Harvest Moon

by Trace Estes

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On a whim—and to show
I can afford it—I commission
a local artist to recreate the cane
from my father’s favorite film, The Wolf Man,
as a gift for his birthday.

It is fashioned with solid silver
wolf’s head handle and ferrule
separated by a length
of polished ebony and I know
as I present it with a flourish
that he’ll end up hating it—
a daily reminder of his infirmity.

I’m banking on the fulcrum of expense
and the thought behind the gift to finally pry
the two-word phrase from my father
I’ve waited on all my life. The oohs and ahs
from the rest of the gathered die off
to the background buzz used to combat
uncomfortable silences as he studies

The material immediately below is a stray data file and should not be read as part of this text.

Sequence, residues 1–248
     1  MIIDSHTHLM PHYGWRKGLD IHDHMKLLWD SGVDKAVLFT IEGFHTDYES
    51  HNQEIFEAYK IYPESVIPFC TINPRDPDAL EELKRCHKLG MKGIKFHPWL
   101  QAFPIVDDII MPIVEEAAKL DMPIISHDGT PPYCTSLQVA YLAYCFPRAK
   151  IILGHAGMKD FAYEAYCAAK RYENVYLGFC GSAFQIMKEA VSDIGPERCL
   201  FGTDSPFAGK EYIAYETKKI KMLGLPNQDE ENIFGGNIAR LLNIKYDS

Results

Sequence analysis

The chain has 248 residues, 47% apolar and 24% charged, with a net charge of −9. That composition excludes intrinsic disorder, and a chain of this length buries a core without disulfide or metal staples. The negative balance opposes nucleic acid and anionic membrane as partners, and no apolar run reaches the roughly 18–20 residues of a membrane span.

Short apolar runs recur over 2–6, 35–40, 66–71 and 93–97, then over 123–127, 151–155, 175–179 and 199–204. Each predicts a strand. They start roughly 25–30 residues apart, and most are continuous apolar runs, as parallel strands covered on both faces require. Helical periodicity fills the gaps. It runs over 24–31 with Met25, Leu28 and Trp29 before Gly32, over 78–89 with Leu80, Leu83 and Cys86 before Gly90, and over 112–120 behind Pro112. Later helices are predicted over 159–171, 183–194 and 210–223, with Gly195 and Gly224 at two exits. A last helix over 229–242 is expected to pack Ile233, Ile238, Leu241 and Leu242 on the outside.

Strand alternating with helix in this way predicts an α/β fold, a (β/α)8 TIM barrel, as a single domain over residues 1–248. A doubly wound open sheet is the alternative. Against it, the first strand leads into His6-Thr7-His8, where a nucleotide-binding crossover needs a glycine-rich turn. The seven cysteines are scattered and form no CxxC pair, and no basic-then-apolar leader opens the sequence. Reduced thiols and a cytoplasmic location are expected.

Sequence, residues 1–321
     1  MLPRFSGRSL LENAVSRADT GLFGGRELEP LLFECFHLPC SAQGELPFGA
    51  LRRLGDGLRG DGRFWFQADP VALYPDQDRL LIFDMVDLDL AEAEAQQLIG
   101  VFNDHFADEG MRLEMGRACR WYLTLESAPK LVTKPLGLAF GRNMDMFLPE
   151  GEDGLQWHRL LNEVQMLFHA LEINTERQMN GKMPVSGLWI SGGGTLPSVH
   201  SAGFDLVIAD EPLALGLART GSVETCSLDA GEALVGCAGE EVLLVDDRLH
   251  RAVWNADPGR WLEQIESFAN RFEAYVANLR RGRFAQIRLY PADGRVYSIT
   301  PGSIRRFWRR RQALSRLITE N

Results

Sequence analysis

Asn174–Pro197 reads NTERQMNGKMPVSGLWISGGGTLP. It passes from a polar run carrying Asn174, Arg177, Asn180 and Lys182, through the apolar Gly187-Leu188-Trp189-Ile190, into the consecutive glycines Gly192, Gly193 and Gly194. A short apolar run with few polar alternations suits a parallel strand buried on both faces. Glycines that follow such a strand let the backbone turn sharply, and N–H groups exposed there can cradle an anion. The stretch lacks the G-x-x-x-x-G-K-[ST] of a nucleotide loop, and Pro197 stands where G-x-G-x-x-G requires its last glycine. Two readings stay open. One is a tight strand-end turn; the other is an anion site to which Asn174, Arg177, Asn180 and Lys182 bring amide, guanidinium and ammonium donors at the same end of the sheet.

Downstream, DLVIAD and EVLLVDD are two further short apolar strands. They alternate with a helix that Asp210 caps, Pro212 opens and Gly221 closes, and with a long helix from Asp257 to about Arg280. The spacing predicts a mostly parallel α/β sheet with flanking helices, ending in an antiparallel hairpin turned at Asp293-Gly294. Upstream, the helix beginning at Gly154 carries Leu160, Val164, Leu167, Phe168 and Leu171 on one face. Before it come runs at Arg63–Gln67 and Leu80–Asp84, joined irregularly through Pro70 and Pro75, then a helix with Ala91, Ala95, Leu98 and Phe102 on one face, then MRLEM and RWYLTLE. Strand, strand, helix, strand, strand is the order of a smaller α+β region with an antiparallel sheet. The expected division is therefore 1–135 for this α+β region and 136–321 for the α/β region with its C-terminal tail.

his present with the usual solemn expression,
actually twirling it like a baton.

When he issues his two-word proclamation:
How appropriate
he is completely ignorant
to the release of held breath
or the tennis volley of glances
between Mom, my sister, my wife and me.

Climbing the cane from his wing
chair, he heaves himself upright,
totters toward the kitchen pointing
the silver tip at different klatchs of guests,
asking after refills. At the doorway he shoots
a glance at me and inquires if I’m still
a gin and tonic man, as if unaware—
or unconcerned—about my years of sobriety.

Trace Estes, the Managing Editor of Alsop Review, lives in the shadows and likes the view. For thirty-five years, he has been forced to write by a pissed-off demon with a trident. He has been recently published in Tilt, WORM #34, Avatar Review, Literary Bohemian, Sigurd Journal, kaleidowhirl; had five poems in the premiere of Centrifugal Eye. His work has also been included in the print anthologies Mind Mutations, Bone and Tissue and Slow Dancing to Invisible Music.

Issue 12 contents